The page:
This week, Crowdsourced Testing had the pleasure of interviewing Jesse Reynosa, Senior QA Engineer at Zappos.com. The five-year industry veteran is adept at both manual and automated testing, and has led countless testing efforts encompassing e-commerce sites, web applications, and databases. Today he shares with us his thoughts on upcoming industry trends, automated testing, and dishes out sage career advice.
You’ve been involved in e-commerce testing for over 5 years now. How have e- commerce sites evolved in this time and what trends do you see emerging?
The evolution taking place right now is the push for full feature mobile websites. Even though a lot of native apps for phones offer all or more of the features available on their corresponding websites, users still want mobile sites that are every bit as powerful as their desktop counterparts. As far as trends are concerned, there’s a lot of focus on social media, marketing, and interaction right now.
Automated testing is a big part of what you do at Zappos, but you started your career in manual testing. How did you make the transition?
The transition kind of happened out of necessity. There was a project that came up at Zappos that required some technical ability and as one of the few members on the QA team with a programming background, I was a natural choice for the project. From that point forward, I’ve worked almost exclusively on automated projects.
What sorts of testing activities do you find are best suited for automation? Does the introduction of an automated testing framework alter the development lifecycle in any way?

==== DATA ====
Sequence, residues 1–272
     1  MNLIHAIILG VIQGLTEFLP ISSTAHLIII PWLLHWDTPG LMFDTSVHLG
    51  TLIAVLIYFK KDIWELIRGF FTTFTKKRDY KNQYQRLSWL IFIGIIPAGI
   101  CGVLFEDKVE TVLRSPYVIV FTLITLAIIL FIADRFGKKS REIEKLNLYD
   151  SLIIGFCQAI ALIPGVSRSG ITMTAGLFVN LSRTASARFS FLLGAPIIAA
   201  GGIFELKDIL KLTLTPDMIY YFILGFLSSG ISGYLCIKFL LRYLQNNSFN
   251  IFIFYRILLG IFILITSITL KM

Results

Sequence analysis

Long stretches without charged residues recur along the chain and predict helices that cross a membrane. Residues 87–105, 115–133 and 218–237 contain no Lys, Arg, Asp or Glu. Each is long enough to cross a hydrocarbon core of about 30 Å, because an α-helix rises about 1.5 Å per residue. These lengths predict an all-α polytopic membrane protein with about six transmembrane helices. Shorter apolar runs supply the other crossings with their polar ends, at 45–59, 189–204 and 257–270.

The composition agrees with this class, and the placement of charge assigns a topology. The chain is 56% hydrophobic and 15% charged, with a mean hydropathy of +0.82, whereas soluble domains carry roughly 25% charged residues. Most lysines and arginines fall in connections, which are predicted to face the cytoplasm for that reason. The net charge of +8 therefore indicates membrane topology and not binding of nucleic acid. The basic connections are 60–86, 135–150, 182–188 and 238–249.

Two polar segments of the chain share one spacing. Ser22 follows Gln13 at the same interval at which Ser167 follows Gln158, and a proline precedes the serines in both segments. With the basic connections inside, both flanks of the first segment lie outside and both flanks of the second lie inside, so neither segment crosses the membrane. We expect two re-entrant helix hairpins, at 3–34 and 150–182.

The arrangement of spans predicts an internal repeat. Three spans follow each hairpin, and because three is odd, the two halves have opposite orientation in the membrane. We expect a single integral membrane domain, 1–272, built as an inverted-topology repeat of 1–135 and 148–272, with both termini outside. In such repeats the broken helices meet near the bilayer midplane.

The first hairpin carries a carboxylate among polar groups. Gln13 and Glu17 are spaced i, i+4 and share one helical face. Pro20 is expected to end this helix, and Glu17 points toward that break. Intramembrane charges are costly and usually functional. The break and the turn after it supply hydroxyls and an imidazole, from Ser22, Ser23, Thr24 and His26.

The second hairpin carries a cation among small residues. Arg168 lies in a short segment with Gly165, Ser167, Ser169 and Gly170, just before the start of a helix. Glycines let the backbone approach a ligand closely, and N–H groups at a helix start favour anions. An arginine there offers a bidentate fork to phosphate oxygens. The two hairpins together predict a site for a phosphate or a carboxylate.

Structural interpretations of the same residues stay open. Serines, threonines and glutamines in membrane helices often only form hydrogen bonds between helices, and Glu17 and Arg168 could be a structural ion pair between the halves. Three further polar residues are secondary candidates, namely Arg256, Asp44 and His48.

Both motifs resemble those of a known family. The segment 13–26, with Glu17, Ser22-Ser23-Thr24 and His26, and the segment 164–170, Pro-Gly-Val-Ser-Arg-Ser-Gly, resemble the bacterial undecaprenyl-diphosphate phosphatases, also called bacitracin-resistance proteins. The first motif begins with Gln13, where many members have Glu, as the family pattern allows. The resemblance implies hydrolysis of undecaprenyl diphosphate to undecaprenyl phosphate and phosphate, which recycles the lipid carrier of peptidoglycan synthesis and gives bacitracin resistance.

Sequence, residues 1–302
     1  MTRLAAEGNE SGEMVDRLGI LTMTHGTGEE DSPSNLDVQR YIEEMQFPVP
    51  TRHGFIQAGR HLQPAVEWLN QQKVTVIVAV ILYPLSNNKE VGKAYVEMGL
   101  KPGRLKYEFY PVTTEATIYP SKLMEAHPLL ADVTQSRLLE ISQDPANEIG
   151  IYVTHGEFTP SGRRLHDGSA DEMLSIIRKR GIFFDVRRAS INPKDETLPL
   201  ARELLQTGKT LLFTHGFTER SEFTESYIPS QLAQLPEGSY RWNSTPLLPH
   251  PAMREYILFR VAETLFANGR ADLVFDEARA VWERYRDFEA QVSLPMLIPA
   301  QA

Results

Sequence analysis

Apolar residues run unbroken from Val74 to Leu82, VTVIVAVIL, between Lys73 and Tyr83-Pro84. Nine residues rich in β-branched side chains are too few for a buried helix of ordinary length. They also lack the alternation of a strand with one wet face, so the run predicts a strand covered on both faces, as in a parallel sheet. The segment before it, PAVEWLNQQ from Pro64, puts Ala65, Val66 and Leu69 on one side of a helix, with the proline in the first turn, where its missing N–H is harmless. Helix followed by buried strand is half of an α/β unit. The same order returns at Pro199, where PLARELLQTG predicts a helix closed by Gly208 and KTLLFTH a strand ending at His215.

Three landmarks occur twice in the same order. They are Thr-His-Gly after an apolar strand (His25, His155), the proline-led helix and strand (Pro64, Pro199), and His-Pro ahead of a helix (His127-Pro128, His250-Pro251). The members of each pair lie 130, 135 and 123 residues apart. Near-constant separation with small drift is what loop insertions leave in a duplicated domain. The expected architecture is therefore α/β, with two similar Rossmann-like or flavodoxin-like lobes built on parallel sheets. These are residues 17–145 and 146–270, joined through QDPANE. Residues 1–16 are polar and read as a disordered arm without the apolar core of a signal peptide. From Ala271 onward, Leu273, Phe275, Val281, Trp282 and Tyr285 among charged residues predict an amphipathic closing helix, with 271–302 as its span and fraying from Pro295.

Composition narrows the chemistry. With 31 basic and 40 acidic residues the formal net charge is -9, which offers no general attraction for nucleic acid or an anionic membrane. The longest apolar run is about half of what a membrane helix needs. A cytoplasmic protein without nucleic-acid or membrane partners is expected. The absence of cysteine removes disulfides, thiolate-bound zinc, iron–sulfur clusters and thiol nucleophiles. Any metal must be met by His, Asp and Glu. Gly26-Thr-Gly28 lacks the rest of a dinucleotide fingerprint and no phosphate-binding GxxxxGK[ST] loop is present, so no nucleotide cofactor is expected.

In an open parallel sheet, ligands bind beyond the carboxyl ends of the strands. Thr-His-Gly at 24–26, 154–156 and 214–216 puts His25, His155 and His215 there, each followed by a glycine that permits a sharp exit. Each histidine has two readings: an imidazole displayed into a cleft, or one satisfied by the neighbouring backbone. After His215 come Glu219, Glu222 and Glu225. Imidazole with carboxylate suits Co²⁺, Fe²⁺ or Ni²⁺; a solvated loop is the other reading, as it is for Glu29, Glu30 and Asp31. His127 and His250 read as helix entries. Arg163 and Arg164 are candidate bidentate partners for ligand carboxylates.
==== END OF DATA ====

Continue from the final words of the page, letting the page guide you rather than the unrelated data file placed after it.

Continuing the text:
Regression testing is best suited for automation. This allows manual testers to devote more time and effort into testing new features under development. The addition of automation also introduces some changes to the development lifecycle. Primarily, more time is allocated during sprint planning for writing automated test cases.
Can you give us some insight into a day in the life of a Senior QA Engineer? How much of your time is split between meetings, administrative work, and actual testing activities?
I try not to spend too much time in meetings, but they still take up about 5 hours of my week on average. I also spend a few hours each week on administrative tasks, and I spend the rest of my time either writing tests or researching solutions for issues that pop up during testing or in production.
What qualities do you look for when interviewing candidates for testing roles?
Depending on the role, what I look for first and foremost most is whether or not the person I’m interviewing has the technical ability to perform the duties of the position he/she is applying for. I also look for someone who can answer the questions directly and succinctly. To an interviewer, there’s nothing worse than a long-winded answer that goes nowhere.
What advice would you give up-and-coming QA testers who are just getting their start in the industry?
Start learning how to do automation, especially in the mobile field. There is a growing demand for people who can do automation on mobile devices. The available tools are still a bit in their infancy, but if you can master one you will be in high demand.